Editor’s Note

The Surfers Path

Party Wave. Photo courtesy of Neil Pearlberg.

Working the ASJ Roadshow booth at the Surfer’s Path Marathon in Capitola recently, I was mesmerized by the ocean. Wave after shimmering wave was rolling in, and about fifty people were playing in the water right in front of our tent. There was no wind and the sun was blazing.
Paradise.

It occurred to me that just about every age and type of person was represented in this group, from the kids building sandcastles at the water’s edge, to the bodysurfers a bit farther out, and finally the bodyboarders, surfers, and stand up paddlers farthest away.

Each group was a tribe, cooperating within its own game, and working a particular section of every wave.

The SUP crowd was stroking into the waves early, and taking advantage of the ability to catch a ride away from the main break. As the waves reared up, the surfers were next in line, jumping to their feet gracefully and accelerating down the line. The bodyboarders hopped on next, and right afterwards the bodysurfers swam like crazy for a chance at a short tuberide.

I couldn’t help noticing that each tribe had its heroes; individuals who completed spectacular rides through a combination of luck and skill. This was what kept everyone engaged—each and every wave represented a unique opportunity to shine on a public stage. The object of the game was a fleeting moment of grace; a final dance with a pulse of water that traveled thousands of miles.

Comparing the skilled to the unskilled surfers was fascinating, and this difference became a personal metaphor. How often have I expended lots of energy—in surfing as well as life—only to maneuver myself into the wrong place and find success elusive? On the other hand, how often have I waited patiently and keenly observed that success came to me only when I was prepared to take advantage of it? What other lessons were the waves trying to teach me, if I would only slow down long enough to hear their message?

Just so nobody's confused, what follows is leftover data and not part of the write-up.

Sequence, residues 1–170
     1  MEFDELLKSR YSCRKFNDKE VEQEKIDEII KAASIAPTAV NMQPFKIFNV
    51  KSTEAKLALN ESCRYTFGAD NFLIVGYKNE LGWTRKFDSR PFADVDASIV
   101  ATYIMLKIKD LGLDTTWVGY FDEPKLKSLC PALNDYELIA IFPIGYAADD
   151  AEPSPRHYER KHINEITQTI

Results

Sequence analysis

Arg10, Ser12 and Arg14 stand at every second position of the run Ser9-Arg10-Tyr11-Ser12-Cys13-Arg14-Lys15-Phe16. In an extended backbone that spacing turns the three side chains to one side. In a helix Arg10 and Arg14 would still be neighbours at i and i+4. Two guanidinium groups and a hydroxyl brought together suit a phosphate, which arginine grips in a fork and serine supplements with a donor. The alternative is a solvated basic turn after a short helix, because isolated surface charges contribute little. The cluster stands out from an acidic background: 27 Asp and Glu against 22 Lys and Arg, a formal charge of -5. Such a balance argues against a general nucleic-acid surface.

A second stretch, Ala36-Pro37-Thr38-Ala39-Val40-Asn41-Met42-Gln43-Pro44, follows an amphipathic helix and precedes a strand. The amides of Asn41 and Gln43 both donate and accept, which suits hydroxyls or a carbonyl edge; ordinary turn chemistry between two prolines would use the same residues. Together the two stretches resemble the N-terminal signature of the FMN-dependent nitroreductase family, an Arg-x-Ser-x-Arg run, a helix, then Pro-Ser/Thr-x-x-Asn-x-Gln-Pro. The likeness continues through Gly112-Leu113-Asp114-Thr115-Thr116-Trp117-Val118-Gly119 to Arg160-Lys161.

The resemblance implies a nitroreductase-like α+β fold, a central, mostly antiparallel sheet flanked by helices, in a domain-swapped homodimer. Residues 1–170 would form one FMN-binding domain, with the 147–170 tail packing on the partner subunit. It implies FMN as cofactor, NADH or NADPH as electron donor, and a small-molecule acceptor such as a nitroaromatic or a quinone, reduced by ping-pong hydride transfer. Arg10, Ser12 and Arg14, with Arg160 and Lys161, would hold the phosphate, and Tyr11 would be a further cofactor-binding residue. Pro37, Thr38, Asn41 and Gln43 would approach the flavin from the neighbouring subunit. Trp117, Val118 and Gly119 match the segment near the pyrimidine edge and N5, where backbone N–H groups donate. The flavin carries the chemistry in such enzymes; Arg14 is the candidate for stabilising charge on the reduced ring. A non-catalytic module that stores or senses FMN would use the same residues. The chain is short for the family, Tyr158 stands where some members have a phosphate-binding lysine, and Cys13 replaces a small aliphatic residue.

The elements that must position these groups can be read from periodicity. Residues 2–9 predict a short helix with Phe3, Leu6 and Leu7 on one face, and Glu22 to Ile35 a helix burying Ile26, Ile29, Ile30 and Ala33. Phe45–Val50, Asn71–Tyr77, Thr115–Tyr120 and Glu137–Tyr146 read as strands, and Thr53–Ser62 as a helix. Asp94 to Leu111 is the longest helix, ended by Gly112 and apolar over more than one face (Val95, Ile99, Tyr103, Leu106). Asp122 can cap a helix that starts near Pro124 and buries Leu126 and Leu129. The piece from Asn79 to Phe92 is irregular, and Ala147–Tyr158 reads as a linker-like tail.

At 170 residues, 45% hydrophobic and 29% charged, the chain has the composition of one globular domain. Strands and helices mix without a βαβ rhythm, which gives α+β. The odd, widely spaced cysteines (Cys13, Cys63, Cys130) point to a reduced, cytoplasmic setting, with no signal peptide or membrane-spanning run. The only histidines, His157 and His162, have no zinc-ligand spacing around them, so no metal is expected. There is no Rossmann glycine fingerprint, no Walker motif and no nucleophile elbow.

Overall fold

Regardless, the best place to be on a hot day in California is in the water, and we celebrate this fact in the pages of ASJ #73.

In Neil Pearlberg’s feature on Bob Pearson on page 24, we take a look at the growing popularity of stand up paddleboarding through the eyes of a master board shaper. Clearly SUPs have brought a whole new tribe to the water, and their explosion in popularity has been a boon to the surf industry, much like snowboarding was in the late nineties.

Also like snowboarding, SUPs have seen their share of controversy. In Santa Cruz tempers have flared in the lineup as SUPs have caused collisions, especially while being ridden by the unskilled. Exactly like in snowboarding, a relatively small number of individuals have made the controversy seem bigger than it is, and time will tell how it settles out. One thing is for certain, snowboards didn’t go away like many skiers thought they would, and neither will SUPs. Somehow we all have to get along.

Also in this issue, frequent contributor Leonie Sherman takes us to the mountains for a hike down the Grand Canyon of the Tuolumne on page 20. This unique and breathtaking journey is right near Yosemite Valley, yet sees relatively few visitors. For Leonie, this odyssey is really all about the Tuolumne River as she travels its length through the heart of the Sierra.

Last issue’s featured author Rick Gunn contributes another heartfelt piece about the history of TAMBA, Tahoe’s mountain bike advocacy group. If you haven’t ridden any of the Tahoe trails featured in the article recently, you should. The fun volume has been turned up to “eleven.”

For the craft beer crowd, I profile five lower alcohol alternatives well suited for summer activities on page 16.

Surf instructor Ed Guzman helps readers get started in surfing and SUP, while Derrick Peterman, AKA the Beer Runner, contributes a book review on running coach Erik Orton’s new training manual, The Cool Impossible.

As always the ASJ calendar is chock-filled with inspiring events and races. Feel free to mark your calendar accordingly. Thanks for reading, and we’ll see you in the water!

— Matt Niswonger

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